Cain's record-setting deal makes sense and will impact others
Matt Cain agreed to a six-year, $127.5M deal with the Giants on Monday
Cain has a losing career record but signed the richest deal ever given to a RHP
His teammate Tim Lincecum and others like Cole Hamels will likely benefit
Five thoughts recapping a slew of contract extensions: Giants starter Matt Cain became the highest-paid righthanded pitcher in baseball history ($127.5 million guaranteed from 2012 through 2017, with an option for 2018); two emerging stars -- Alex Gordon with the Royals and Asdrubal Cabrera with the Indians -- signed up for more years in the AL Central; and Reds first baseman Joey Votto, the 2010 NL MVP, was reported to be close to his own long-term deal.
1. Cain Is Able
Why Cain -- a pitcher who has never finished better than eighth in NL Cy Young voting -- is the new owner of the largest contract ever given to a righthanded pitcher in baseball history is all about timing (his) and misperception (those held by casual observers).
By becoming a full-time major leaguer at age 21, Cain was set to complete the necessary 6+ years of service time for free agency during the 2012 season when he will still be just 27. He won't turn 28 years old until Oct. 1. So while a glance at his career results suggest "very good pitcher" more than "historically great pitcher," the Giants are banking on the fact that Cain will still be in his prime for most (or all) of this new contract.
In the last six years the only $100 million contracts handed out to pitchers were for lefthanders while seven righthanded pitchers signed contracts worth more than $70 million. That list is as follows: Roy Oswalt (five years, $73 million), Felix Hernandez (five years, $78 million), Justin Verlander (five years, $80 million), A.J. Burnett and John Lackey (five years, $82.5 million), Jered Weaver (five years, $85 million) and Carlos Zambrano (five years, $91.5 million).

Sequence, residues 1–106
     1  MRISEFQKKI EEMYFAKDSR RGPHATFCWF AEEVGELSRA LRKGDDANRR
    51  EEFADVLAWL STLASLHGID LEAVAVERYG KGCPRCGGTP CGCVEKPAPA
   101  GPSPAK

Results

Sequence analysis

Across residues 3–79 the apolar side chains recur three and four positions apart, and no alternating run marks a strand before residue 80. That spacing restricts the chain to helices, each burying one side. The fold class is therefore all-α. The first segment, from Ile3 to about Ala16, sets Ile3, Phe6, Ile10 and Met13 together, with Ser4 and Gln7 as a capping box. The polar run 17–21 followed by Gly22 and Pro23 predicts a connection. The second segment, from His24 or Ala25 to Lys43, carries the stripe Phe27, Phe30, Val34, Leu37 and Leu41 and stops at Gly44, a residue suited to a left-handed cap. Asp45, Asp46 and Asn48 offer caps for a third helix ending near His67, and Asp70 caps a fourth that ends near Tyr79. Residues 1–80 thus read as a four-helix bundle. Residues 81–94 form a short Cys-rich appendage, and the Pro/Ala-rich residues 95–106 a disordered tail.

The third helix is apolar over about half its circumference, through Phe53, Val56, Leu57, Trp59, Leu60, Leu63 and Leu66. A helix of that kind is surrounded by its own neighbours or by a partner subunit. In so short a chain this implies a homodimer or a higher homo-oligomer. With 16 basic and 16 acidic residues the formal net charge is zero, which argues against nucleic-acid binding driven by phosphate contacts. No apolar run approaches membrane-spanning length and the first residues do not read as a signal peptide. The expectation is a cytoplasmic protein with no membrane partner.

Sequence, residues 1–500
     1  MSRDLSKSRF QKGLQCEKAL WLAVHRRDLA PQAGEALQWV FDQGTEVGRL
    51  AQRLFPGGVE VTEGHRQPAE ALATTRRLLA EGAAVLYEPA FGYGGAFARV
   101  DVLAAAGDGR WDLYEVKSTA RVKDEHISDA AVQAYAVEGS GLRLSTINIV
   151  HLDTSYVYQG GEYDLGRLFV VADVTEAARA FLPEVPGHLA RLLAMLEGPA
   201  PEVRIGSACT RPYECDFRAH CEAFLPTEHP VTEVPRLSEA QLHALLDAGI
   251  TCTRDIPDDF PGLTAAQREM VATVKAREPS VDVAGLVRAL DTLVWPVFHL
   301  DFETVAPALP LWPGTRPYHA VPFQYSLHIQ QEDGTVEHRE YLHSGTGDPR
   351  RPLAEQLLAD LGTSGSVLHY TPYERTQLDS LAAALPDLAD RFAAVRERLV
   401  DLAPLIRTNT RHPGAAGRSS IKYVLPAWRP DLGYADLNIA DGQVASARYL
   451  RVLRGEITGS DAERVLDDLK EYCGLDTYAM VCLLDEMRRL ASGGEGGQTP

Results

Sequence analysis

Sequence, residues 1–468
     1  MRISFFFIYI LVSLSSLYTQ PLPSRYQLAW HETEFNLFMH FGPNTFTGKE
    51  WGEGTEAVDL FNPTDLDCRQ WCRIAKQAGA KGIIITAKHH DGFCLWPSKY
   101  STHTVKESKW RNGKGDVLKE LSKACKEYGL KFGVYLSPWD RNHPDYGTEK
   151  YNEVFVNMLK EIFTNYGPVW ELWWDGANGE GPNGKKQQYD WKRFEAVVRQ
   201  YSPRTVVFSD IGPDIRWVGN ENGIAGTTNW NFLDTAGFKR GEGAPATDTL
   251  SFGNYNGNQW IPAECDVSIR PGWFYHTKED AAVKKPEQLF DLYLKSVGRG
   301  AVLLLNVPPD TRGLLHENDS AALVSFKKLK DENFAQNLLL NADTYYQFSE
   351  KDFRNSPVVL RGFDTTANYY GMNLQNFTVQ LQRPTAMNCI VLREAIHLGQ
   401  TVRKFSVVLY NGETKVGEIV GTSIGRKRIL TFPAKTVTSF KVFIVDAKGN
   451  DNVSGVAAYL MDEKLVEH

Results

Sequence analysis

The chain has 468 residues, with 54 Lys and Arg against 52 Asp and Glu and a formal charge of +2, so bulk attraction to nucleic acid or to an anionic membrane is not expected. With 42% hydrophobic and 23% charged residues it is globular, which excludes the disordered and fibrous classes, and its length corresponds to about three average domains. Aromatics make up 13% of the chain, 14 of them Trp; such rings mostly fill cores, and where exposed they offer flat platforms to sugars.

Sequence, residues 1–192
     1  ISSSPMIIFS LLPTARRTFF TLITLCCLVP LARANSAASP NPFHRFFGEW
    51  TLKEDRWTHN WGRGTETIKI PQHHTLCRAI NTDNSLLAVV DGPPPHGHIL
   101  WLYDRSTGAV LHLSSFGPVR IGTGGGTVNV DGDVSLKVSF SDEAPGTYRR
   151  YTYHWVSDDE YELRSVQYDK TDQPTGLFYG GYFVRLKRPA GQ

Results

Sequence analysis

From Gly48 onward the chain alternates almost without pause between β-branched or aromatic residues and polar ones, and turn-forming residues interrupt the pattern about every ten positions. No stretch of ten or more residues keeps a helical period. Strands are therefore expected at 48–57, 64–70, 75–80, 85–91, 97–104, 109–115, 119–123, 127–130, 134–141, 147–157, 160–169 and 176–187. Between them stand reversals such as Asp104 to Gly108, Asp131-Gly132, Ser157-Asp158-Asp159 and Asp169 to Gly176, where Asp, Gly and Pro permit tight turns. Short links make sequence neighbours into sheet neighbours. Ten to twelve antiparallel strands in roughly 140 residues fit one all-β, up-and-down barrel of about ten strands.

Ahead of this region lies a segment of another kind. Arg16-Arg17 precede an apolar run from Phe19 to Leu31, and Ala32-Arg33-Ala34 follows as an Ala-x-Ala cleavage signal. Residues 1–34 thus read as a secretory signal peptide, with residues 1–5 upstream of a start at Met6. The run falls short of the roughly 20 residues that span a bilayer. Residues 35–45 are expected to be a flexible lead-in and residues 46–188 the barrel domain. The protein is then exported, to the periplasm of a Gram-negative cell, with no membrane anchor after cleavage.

Cain essentially leapfrogged the salary range representing the going rate for righthanded starters. That he received more than the aforementioned pitchers is not totally surprising given considerations of age and proximity to free agency. Notably, only Burnett and Lackey were free agents at the time their contracts were signed; Hernandez and Verlander were both two full seasons away from free agency. That Cain exceeded their salaries by as much as he did, however, was unexpected.
Also, Cain is probably better than you think. Statistical baseball evaluation has come a long way since sole use of a starter's won-loss record to determine his value, but not everyone can get over the fact that Cain, now the sixth-highest paid pitcher in history by average annual value, has a career losing record of 69-73.
But his 7-16 and 8-14 records in 2007 and '08 skew that number. Not only were the Giants a bad team that lost at least 90 games each season, but Cain also received by far the worst run support of any starter in baseball. The Giants scored, on average, 3.32 runs for every nine innings he pitched those seasons, more than three-quarters of a run worse than that for any other qualified starter.
Not only is Cain highly effective (3.35 career ERA) but he is also among the most durable pitchers who has earned a spot on the short list of the sport's best.
Cain has completed six full big-league seasons since 2006 while never throwing fewer than 190 2/3 innings and never making fewer than 31 starts. In the last four seasons he has averaged 220 innings with a 3.17 ERA and 1.18 WHIP. He is one of only nine pitchers to have thrown at least 880 regular-season innings over the past four years.
He is an elite starter, even if his won-loss record fails to describe that because of persistently poor run support. Consider the chart below, comparing Cain to the other eight starters who have averaged at least 220 innings every season since 2008. Those pitchers account for six of the eight Cy Youngs awarded in that time span; only Cain, Haren and Shields have never won a Cy Young.
(Note: RSA is Run Support Average, a STATS LLC measurement for the amount of offensive support a pitcher receives for every nine innings he pitches. ERA+ is a Baseball-Reference.com statistic adjusting ERA for league and ballpark with 100 as average.)
|Note: The second year in the "signed thru" column includes all option years.|
2. Cain's value and how it affects Lincecum